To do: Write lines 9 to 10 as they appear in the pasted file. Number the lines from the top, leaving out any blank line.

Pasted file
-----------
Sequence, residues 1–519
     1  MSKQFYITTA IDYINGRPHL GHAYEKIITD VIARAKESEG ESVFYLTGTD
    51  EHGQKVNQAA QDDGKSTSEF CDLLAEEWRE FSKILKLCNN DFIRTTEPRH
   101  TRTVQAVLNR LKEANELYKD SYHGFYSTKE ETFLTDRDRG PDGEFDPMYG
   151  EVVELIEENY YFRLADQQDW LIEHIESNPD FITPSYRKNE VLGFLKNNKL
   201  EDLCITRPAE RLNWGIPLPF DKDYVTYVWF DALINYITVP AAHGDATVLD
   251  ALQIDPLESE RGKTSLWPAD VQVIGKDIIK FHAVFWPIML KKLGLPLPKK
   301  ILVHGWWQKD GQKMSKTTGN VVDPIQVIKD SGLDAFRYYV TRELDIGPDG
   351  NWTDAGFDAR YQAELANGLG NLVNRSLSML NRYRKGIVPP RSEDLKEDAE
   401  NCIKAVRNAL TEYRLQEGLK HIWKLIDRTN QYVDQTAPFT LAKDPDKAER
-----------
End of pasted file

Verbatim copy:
   351  NWTDAGFDAR YQAELANGLG NLVNRSLSML NRYRKGIVPP RSEDLKEDAE
   401  NCIKAVRNAL TEYRLQEGLK HIWKLIDRTN QYVDQTAPFT LAKDPDKAER